Microsoft Flight Simulator – Okavango Delta Review – African Safari Adventure (SimWorks Studios)

Third-party developer SimWorks Studios recently released the Okavango Delta add-on for Microsoft Flight Simulator, and it's a special one.

Microsoft Flight Simulator Okavango Delta Review

Third-party developer SimWorks Studios recently released the Okavango Delta add-on for Microsoft Flight Simulator, and it’s a special one.

While most scenery add-ons include a single airport or city, and they’re dedicated to reproducing scenery with the utmost precision, this package focuses on adventure and exploration.

The Okavango Delta area in Botswana, Africa, is a vast wetlands area rich in flora and fauna, named one of the seven wonders of the continent. Despite its name, the Okavango river doesn’t flow into any sea or ocean, but the water spreads across the land and then mostly evaporates or seeps back into the ground, creating a rather unique landscape.

Microsoft Flight Simulator Okavango Delta

It’s a popular attraction for tourists, considered by many the perfect location for a safari adventure. That’s exactly the concept of this add-on.

You can purchase it on Orbx Direct for approximately $30, which means that installation and updates are fully painless due to the handy Steam-like Orbx Central client.

In the video below, I tried to capture what the add-on looks like, so you can get a better idea of what kind of flights you can enjoy.

The area doesn’t include any major airports (the closest, Maun, isn’t included), but it comes with nine airstrips reproducing some of those present in the real world. They’re not complex scenery, but they’re nicely modeled and textured with sparse small buildings, static aircraft, equipment, offroad vehicles, and a few tourists that just landed or are about to depart. There are also plenty of helipads ready for when Microsoft Flight Simulator will support helicopters.

The other major manmade element is represented by camps designed to host tourists and visitors. They are quite fetching, with full interior modeling, great night lighting, and plenty of guests lounging around, working out, and observing the animals.

The quality of their modeling and texturing is very good, creating believable angles of paradise for you to explore and enjoy. On the other hand, the camps feel a bit monotonous, with types of buildings and materials that feel very similar in every location.

Microsoft Flight Simulator Okavango Delta

Speaking about animals, they’re the real stars of this add-on. SimWorks Studios scattered 12,000 of them all over the area, letting you encounter plenty of lions, giraffes, elephants, hippopotami, zebras, antelopes, African buffalos, rhinos, and crocodiles.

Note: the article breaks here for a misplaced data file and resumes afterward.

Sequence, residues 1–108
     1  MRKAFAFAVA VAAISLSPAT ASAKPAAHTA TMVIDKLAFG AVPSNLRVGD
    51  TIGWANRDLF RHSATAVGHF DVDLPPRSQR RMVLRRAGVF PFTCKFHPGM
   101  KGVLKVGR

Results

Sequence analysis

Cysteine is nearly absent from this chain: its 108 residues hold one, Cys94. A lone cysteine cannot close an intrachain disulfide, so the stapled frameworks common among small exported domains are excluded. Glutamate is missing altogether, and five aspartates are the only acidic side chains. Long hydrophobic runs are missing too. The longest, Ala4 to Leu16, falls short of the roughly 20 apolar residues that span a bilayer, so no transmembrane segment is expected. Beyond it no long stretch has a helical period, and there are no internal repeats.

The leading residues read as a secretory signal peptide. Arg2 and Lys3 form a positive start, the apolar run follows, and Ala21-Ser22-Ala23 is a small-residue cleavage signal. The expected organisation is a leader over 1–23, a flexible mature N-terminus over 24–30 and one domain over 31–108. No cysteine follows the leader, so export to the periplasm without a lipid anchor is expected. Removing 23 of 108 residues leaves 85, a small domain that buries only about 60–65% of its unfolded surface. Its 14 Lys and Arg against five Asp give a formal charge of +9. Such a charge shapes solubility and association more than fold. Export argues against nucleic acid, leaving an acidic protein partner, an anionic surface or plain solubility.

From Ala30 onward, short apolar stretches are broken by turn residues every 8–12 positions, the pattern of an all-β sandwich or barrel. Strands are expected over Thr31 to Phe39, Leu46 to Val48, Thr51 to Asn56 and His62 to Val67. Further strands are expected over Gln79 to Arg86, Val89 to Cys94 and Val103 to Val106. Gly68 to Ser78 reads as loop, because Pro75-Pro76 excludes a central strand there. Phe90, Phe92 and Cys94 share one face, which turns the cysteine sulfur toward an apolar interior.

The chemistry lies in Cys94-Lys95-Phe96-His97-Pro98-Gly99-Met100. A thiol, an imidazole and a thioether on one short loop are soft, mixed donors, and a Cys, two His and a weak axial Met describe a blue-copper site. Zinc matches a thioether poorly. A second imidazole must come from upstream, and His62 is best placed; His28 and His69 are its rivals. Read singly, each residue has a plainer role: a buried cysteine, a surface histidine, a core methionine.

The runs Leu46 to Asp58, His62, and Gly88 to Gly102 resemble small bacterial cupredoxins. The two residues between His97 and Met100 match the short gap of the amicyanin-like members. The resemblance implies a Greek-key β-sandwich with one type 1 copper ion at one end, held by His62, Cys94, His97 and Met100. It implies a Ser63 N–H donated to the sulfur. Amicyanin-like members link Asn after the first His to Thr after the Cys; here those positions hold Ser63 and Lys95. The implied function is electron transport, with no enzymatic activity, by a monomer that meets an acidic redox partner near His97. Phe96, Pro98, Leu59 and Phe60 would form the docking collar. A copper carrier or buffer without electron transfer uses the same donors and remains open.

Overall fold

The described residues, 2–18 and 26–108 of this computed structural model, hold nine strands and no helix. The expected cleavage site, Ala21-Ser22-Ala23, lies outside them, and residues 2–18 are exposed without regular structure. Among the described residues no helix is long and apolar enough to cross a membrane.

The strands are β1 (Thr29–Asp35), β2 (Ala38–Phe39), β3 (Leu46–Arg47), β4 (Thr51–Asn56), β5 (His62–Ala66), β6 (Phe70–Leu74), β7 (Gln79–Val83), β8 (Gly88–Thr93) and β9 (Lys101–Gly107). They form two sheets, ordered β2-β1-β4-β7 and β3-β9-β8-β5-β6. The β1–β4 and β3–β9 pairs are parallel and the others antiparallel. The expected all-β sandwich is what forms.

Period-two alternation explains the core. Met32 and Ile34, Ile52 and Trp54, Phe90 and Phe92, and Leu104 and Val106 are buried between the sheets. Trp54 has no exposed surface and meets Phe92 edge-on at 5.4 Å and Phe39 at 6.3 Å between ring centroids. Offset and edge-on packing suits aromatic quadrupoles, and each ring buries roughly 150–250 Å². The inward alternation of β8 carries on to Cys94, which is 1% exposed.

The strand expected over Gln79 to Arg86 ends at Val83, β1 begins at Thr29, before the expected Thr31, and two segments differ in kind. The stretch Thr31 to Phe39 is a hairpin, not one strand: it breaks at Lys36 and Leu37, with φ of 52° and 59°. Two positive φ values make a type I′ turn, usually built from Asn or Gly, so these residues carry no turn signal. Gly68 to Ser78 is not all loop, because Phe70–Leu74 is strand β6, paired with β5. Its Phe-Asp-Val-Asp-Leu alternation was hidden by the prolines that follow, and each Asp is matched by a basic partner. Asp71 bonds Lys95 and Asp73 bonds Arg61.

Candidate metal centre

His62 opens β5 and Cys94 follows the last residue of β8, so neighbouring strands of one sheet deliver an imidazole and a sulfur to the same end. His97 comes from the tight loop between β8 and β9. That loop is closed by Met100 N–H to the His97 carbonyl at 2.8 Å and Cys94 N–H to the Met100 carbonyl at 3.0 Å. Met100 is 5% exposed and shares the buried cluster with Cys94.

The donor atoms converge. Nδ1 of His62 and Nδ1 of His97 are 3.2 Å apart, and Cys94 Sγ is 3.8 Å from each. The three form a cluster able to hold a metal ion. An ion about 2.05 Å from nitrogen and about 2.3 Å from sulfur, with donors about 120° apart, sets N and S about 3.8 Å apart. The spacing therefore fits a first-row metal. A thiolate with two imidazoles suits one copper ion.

They’re well modeled and rather believable from above, with some (limited to elephants and giraffes) walking around in packs, while others are static, creating nice little scenes to discover while exploring.

Unfortunately, not all are animated, and you’ll find some that are completely static. That’s a bit jarring, and I wish the developer included animations for all the fauna.

Microsoft Flight Simulator Okavango Delta

On the other hand, the locations where you’ll find them feel believable, which adds to the immersion as long as you keep your distance from the animals that aren’t animated. Some of the species are also rather rare, rewarding exploration and turning spotting them into an adventure in and of itself.

The many tourists populating the camps are also mostly static, with a bit more repetition among models than I’d like.

The package includes a couple of bush trips to show you around. They provide a good starting point for your exploration, but I wouldn’t blame you if you simply picked a light aircraft, spawned at one of the available airstrips, and took off to explore on your own. I found that it’s more fun that way, and fun is all this package is about.

Microsoft Flight Simulator Okavango Delta

Of course, you shouldn’t expect to fly airliners here, or at least not the big ones we have in Microsoft Flight Simulator at the moment. I can imagine this scenery will be just perfect when we finally get a Twin Otter, but for now, this is a playground for light general aviation aircraft.